CD architect...why?

kbouchard wrote on 2/13/2005, 8:31 PM
Forgive the dumb question but I just can't seem to find an answer anywhere: Why would one need cd architect? Am I missing something? The .wav files created by SoundForge are fine for burning onto a cdr to produce an audio cd. Are we talking about "mastering" here? I understand "mastering" as producing a cd that can be used by a mass producer of cd's to create a large number of cd's for distribution. Are these mass producers expecting anything on that "master" other than standard wav files?

thanks, ken


Geoff_Wood wrote on 2/16/2005, 1:42 PM
SF is very restricted in the manner it can sequence tracks on a disc, and only writes in TAO mode. Both these factor preculde it's use for creating a disc suitable for duplication. Successful duplication requires a disc written in DAO mode.

Apart from that, the simplicity and versaility in the way the tracks can be sequenced, faded, effected,etc, and all be immediately availble on the same timeline for instantaneous preview, is totally different to the way thing can be done in a 'mere' stereo editor.

DelCallo wrote on 3/13/2005, 2:17 AM
Correct me if I'm wrong, but I've seen you post over on the Vegas Video forum - and, hence, my follow-up question. I've read for years posts burning with passion in support of CD Architect - and, so, have always been curious as to just what is so special about it.

Having developed through experience my own preference for and reliance upon SF (now Sony) products, I'm guessing that if so many feel so strongly about the program, there must be something special that it offers.

So, if I already own V5, would I benefit from CD Architect?

I admit, I've never burned CD's for mass production, but, if I wanted to, could that be accomplished in V5? What would I do differently?

When I set up a CD layout on the V5 timeline, am I working under restrictions from which use of CD Architect would set me free?

I have always been curious about this and would appreciate your response (or a response from anyone else with thoughts on the subject).


Geoff_Wood wrote on 3/16/2005, 1:28 PM
Nothing gained in a technical sense, but workflow-wise CDA is so much easier . When I do a CD in Vegas, I find my self causing problems with inadvertently altering things unrelated to what I am focusing on doing.

If you prefer to do things in a linear method (ie all tracks on one timeline) then CDA offers the benefit of plugin chains per *event*. To do the equivalent in Vegas you need each track on a separate 'track', which make auto-crossfades impossible.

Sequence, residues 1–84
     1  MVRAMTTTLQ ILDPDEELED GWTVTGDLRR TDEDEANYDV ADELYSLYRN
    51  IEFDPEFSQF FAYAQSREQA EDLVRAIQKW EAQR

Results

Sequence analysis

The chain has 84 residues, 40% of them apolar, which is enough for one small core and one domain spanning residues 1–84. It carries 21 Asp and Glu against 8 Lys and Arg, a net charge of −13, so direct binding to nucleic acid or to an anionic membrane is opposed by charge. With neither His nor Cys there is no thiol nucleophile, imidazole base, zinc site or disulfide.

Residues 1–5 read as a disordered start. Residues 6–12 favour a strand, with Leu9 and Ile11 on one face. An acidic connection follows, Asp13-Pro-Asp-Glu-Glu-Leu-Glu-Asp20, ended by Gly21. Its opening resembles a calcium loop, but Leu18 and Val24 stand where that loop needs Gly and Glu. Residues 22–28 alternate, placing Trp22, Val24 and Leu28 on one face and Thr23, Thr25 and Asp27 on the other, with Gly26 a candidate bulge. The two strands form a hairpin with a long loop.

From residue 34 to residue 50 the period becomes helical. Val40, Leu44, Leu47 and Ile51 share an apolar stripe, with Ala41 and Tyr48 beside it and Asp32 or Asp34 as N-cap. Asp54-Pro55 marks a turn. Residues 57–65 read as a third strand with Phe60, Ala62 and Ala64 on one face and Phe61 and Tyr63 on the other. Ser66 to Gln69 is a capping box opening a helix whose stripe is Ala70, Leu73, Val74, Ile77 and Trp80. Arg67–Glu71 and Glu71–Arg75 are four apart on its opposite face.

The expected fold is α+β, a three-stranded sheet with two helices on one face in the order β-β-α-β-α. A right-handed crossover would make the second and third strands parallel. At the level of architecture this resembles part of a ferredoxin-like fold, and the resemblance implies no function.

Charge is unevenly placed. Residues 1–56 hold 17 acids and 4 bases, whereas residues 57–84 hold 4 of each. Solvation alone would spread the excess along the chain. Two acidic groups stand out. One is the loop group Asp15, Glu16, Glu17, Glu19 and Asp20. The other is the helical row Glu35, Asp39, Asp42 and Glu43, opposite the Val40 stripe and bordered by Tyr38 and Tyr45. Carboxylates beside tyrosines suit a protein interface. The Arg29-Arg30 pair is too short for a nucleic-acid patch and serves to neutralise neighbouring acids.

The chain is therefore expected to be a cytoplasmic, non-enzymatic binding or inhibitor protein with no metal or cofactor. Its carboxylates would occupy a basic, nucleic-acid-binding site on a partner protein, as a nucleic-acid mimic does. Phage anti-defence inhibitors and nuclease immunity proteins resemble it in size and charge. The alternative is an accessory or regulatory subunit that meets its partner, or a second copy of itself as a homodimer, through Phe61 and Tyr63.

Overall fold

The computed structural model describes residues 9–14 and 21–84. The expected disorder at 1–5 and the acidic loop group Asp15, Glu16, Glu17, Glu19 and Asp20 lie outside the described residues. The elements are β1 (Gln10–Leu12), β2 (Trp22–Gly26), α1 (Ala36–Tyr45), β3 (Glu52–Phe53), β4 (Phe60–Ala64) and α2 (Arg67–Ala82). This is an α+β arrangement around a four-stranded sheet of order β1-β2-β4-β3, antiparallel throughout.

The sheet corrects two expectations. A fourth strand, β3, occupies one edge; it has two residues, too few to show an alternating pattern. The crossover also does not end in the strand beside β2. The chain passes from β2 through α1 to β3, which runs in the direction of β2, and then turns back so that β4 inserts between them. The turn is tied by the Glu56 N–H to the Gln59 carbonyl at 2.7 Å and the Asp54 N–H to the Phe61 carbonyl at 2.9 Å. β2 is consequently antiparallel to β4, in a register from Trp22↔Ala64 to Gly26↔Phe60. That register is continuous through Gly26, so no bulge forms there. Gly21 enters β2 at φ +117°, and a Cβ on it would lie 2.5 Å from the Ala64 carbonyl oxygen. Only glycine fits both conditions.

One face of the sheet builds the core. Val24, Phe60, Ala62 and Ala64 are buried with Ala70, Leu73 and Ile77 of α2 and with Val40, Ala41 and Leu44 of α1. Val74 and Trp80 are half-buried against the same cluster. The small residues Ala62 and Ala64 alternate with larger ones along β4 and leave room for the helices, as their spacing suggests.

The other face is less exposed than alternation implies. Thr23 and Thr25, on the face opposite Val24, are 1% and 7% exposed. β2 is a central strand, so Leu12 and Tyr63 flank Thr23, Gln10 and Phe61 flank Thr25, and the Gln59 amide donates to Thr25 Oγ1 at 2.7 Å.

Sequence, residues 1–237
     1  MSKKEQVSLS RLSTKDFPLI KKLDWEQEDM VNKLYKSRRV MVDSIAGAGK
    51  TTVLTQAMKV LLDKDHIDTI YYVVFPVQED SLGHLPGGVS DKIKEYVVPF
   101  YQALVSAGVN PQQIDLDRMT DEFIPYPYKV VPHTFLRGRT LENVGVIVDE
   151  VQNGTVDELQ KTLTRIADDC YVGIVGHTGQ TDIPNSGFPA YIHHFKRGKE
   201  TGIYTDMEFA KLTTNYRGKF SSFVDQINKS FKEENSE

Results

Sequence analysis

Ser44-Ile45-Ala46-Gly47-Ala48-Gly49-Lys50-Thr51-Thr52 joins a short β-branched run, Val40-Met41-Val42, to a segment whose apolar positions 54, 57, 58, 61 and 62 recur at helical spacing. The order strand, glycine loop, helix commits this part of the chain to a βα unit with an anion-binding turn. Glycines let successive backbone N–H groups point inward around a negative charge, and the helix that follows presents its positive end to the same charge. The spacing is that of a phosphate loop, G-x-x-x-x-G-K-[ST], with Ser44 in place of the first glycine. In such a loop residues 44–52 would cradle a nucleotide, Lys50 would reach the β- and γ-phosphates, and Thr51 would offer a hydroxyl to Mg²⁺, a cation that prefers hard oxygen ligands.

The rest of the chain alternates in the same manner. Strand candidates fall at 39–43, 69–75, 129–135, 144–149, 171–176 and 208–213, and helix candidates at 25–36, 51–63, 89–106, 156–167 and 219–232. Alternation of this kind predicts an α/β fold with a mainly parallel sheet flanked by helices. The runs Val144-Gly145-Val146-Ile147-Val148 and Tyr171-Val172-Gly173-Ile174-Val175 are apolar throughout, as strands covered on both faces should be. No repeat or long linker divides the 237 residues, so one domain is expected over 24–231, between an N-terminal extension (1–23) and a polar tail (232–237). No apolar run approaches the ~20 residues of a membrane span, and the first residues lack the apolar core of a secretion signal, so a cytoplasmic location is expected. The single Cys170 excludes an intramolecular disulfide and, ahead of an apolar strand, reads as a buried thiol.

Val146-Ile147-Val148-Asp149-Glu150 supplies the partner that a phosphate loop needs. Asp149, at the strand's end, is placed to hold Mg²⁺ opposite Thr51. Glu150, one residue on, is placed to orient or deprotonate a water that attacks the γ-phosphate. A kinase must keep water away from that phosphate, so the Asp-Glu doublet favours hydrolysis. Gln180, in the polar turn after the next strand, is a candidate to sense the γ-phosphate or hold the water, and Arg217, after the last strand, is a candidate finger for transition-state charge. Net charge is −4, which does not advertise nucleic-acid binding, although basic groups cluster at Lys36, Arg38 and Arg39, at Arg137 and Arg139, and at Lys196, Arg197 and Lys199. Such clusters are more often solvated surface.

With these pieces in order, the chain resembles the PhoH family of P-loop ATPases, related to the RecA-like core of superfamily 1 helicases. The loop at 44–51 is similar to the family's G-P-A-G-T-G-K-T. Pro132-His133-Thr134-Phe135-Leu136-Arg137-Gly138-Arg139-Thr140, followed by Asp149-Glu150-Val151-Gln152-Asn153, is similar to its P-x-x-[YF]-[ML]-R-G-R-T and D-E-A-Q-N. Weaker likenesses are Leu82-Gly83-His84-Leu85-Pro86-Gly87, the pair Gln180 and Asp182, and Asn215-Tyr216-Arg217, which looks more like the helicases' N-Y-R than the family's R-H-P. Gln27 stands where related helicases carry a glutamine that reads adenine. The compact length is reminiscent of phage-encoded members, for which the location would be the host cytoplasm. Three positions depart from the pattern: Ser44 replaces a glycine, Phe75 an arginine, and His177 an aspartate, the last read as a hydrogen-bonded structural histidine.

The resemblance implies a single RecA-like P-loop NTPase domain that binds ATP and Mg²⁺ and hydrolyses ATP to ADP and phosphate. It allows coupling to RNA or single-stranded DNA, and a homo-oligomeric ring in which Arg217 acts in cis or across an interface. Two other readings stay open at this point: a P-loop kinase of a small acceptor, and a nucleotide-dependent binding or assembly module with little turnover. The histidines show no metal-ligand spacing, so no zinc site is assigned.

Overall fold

Also precise gapping on the trax is easier with CDA's little automatic pop-up gap-time box.

Rednroll wrote on 3/25/2005, 10:44 PM
It's a preference thing. Geoff prefers using CDA for assembling CDs, I prefer Vegas. I have lots of reasons for preferring Vegas, but it all boils down to the versatility of having a multitracker program. Geoff prefers the simplified UI of CDA

A little history for you. First there was CDA 4.0, which was a seperate program that actually appeared as a menu item in Sound Forge 4.5. They worked very well together as a complete mastering and Cd assembly solution. The way CDA 4.0 worked Sonic Foundry found themselves having to constantly release updates for specific CD burners with a lot of users complaining that their burner wouldn't work with CDA 4.0. They eventually gave up and discontinued supporting CDA. A lot of users like myself complained animately because now we didn't have a complete mastering solution. Sonic Foundry's solution to this problem, was that they added the CD Architect features to Vegas, which based it's CD burner support off of MMC compatible drives, which became a standard driver model in Windows. A few years later Sonic Foundry decided to rerelease CD Architect 5.0 using the same Vegas MMC compatible driver support. To me this option made sense for people that didn't want to buy Vegas and used other Stereo editor programs which didn't have a CD assembly program.

I still prefer Vegas to CD Architect. Infact I ran into a problem using CDA this past week trying to make a CD. I had audio tracks which had the audio on the Left channel and Smpte Timecode on the right channel. I wanted to make a CD with CDtext, where the text would describe what each track was. Well the problem I ran into was to get rid of the Smpte timecode on the right track, which I obviously didn't want to listen to on a CD, I would have to individually open all these tracks up in Sound Forge and elliminate the right track and save them as a new copy. In Vegas, I would just select the track and use the channel switch, which is a switch that allows me to choose c "Left Only" and it would hide the right channel and treat it as a mono track. I didn't have to go into sound forge, use the channel converter and save a copy of the media files. So again, the flexibility of Vegas prevails for me again and is much more effecient timewise in achieving the same result. Now, I'm just preying they follow suit with Vegas 6.0 and add CDtext support there, or else you're going to hear one unhappy camper once again. My hopes are optimistic though, because once CDA 5.0 was released, the Sony guys stated that CDA was their solution for CD Authoring and no further CD burning features where going to be added to Vegas. Let's hope that's not true.